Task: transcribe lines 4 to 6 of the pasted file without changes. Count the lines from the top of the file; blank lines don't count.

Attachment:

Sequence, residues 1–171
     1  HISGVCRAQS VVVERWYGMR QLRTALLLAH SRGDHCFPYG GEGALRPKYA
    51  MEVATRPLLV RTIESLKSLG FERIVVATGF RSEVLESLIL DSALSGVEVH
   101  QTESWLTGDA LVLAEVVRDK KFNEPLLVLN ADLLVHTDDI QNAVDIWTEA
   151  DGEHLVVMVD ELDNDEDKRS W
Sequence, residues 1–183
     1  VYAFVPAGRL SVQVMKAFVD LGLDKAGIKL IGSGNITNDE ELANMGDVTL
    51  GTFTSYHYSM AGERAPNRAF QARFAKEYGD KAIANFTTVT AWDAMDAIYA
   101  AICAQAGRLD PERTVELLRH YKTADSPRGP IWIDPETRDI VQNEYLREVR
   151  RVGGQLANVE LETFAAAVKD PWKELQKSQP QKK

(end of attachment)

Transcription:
   101  QTESWLTGDA LVLAEVVRDK KFNEPLLVLN ADLLVHTDDI QNAVDIWTEA
   151  DGEHLVVMVD ELDNDEDKRS W
Sequence, residues 1–183